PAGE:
We Are Not…

Democratic politicians have been going on and on of late about the United States’s, and more specifically President Trump’s, rotten response to the coronavirus.  But as I had written about New York City and the coronavirus in May, there are factors in play beyond the actions of our leadership.

We are the United States.

We are not China:

Besides being the origin of Covid, China is an authoritarian state, with government control over pretty much everything.  We yowl about how President Trump wants to get rid of the free press (not true, but that’s in issue for another day), but in China, there is no free press.  Our cell phones surveil us in the name of better advertising; their cell phones surveil them so that miscreants can be thrown in jail.  They tell us they’ve had 85,351 coronavirus cases as of this morning: that’s their story, and they’re sticking to it.  We’re up to 7.2 million: still number one, although we may be overtaken by India at just under 6 million.

We are not New Zealand:

New Zealand is an island nation, separated from the rest of the world by thousands of miles of open ocean, well aware of how they are biologically separate.  They can enforce quarantine at the border, and if cluster of cases pop up, they can apply lockdowns to suppress the infection, with an immediate goal of ending the restrictions and returning to normal.

We are not South Korea:

Korea isn’t isolated, particularly from China.  But they were able to mount an effective response to the virus.  To do this, they had an agile government and business response, and a culture that respects its government and can accept the notion of continuous, automated surveillance in the name of public health.  The result has been effective contact tracing that focuses public health efforts where they’re needed.  We were told at the outset of the emergency about Korea’s wonderful testing program.  To date, they’ve done enough tests to cover less than 5% of the population.  Our figure is over 30%.

We’re not Ghana or Liberia:

The poorer nations of Africa have done better at containing Covid than most of the richer nations of the world.   Some of them have more public health experience, having dealt with far deadlier viruses; some of them admit the use of hydroxychloroquine, which is in common use against malaria.  But a big factor is that relatively few people travel there, few enough that quarantining and contact tracing really works.

But we’re the United States:

  • We’re not an authoritarian state (yet!).  We have a free press that can report the truth, except when it’s politically incorrect.  They can report what the government says, or not, as they see fit, and shade it with derision when they see fit.  They’re also free to exaggerate and spread fear rather than enlightenment: whatever sells newspapers.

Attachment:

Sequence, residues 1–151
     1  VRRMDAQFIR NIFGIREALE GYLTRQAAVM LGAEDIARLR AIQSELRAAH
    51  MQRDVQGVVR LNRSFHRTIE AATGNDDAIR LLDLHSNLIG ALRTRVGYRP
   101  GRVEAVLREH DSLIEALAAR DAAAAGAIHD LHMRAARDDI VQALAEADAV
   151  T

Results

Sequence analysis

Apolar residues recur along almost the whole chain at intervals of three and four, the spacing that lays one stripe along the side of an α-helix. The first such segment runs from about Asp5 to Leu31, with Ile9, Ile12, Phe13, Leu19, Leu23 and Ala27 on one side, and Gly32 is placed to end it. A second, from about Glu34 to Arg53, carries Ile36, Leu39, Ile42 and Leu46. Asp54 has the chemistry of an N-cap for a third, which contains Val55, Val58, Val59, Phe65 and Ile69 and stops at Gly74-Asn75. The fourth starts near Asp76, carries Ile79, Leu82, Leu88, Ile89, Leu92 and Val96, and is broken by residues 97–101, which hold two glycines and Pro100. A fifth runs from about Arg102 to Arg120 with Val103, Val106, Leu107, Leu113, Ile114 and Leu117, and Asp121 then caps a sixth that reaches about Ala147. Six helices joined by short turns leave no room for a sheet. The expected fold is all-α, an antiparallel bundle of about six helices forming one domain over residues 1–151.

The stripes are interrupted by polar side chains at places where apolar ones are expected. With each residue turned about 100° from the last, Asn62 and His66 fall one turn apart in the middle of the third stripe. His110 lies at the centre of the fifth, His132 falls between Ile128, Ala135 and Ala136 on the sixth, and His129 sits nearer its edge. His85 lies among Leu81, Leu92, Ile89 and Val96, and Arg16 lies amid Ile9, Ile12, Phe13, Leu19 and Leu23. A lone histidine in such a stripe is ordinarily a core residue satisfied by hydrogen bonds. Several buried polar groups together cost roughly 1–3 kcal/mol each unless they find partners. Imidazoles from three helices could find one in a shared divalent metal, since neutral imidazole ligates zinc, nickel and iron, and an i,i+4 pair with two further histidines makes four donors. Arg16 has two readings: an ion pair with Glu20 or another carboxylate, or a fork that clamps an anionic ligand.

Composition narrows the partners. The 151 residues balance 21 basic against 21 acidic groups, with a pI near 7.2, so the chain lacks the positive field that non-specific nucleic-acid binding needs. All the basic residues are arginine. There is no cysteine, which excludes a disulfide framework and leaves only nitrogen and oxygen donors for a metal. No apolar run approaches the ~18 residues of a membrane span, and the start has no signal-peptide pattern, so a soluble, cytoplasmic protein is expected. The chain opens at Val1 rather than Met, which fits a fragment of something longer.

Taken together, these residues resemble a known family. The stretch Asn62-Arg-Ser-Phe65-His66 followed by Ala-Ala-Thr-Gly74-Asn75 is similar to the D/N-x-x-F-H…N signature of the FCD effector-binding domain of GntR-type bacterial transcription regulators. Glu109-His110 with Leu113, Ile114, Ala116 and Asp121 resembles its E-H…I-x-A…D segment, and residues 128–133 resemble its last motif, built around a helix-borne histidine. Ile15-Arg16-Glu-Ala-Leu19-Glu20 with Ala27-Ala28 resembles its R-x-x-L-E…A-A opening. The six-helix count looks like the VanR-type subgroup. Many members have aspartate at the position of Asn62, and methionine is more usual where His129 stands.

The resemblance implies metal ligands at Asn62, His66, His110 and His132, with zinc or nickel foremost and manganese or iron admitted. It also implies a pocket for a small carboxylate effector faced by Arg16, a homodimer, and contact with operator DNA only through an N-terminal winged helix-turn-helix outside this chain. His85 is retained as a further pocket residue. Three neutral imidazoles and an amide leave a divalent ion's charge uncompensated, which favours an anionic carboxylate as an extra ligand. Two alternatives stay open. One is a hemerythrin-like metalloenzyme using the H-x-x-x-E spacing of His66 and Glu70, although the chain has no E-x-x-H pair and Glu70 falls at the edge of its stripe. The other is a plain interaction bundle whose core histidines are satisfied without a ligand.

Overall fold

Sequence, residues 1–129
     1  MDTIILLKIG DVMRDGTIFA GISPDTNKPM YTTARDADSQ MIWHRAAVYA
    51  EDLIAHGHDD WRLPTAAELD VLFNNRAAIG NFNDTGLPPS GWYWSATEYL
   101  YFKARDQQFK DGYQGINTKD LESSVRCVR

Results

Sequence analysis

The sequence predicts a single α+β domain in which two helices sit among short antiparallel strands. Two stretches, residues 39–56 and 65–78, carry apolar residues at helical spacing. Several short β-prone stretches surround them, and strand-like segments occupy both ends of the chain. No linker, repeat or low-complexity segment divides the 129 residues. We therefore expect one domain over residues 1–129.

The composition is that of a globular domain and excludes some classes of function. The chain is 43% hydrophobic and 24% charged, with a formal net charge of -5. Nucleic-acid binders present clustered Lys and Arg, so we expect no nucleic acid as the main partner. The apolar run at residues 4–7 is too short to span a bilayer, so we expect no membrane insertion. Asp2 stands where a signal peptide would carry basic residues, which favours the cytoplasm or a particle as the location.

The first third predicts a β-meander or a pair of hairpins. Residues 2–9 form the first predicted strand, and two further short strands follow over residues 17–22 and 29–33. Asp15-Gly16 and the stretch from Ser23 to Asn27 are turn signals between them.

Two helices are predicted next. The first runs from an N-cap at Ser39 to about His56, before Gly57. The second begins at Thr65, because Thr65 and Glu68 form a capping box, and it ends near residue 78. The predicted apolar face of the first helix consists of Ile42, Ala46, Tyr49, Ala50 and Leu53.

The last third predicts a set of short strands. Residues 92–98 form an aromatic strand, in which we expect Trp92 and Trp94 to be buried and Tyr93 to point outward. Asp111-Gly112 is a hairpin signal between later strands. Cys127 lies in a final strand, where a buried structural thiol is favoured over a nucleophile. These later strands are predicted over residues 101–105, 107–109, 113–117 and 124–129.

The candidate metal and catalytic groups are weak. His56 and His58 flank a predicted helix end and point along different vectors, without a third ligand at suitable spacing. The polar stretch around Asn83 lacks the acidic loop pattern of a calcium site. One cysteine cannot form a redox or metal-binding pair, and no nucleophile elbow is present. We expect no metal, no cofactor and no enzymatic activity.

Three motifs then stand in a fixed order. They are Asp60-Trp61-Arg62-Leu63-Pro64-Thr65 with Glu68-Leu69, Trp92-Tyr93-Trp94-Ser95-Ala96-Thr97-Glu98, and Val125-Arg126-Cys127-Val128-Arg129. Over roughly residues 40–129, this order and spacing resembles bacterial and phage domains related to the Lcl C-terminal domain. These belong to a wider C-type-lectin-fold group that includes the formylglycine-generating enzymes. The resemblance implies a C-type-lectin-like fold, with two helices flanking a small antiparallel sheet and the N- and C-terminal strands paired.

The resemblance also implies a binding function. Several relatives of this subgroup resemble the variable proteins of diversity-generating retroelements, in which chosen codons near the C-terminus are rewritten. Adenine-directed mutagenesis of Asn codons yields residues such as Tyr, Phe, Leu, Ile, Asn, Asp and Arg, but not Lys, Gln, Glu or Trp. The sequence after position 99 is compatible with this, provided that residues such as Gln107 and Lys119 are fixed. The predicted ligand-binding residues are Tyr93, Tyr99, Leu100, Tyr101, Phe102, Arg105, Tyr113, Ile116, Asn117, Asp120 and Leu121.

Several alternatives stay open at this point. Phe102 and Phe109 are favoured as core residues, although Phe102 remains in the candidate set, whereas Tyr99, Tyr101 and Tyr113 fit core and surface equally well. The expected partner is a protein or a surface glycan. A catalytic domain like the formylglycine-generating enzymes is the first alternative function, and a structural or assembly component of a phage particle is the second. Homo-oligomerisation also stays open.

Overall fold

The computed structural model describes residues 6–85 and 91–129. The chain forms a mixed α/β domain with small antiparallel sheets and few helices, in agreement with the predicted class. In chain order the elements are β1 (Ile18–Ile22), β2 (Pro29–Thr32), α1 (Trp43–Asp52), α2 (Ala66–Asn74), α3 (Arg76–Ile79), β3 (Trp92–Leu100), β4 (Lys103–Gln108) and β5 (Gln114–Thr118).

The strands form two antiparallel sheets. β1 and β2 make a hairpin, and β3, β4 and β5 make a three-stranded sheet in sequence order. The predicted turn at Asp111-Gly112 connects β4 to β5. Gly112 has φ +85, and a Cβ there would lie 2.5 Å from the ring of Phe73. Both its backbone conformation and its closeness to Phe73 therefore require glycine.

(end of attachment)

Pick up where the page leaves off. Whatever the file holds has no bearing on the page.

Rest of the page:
• We’re not isolated from the rest of the world.  In normal times, thousands of travelers entered and left the United States every day.  We initially chafed at the notion of closing the borders before embracing it.  This is a big difference, because we let the virus in and let it take root, because…
  • We’re not agile.  We’ve done about as well as can be expected in making plans and ramping up testing, but we’re collectively pretty rotten about anticipating problems.  Governor Cuomo shut down New York in stages, from 13 to 22 March.  If he had done it all at once on 13 March, it would have made little difference: people were already staying at home and not going out.  (And the virus was already spreading.)  If he had done it all at once on 13 February, there might have been a difference, but there was no sense of urgency back then.  Moreover, in the absence of a ‘genuine’ emergency, any government proposal that affects people’s livelihoods will be subject to intense lobbying and complaint.
  • We’re not trusting of our government, at least many of us aren’t.  I’ve written in these pages about the apparent futility of embarking on a contact tracing effort after the virus is already in the community: it appears useful only as practice for some more nefarious form of tracking and control.  I’m sure I’m not alone.
  • We’ve decided that hydroxychloroquine is a bad idea, even though it has been recognized as effective against other coronaviruses, and has been successfully used against Covid in other parts of the world.
  • And another thing: the United States is considerably larger than New Zealand, South Korea, Ghana, or Liberia: large enough that the virus will propagate through the states at different times, at different rates, with different effects.  There is no single policy that will work everywhere.

The benefit of hindsight suggests that we might have avoided all this trouble if we had closed our borders and kept everyone else out from, perhaps, sometime in January.  But even if we had known what to do back then, and the consequences of inaction, would we have done it?

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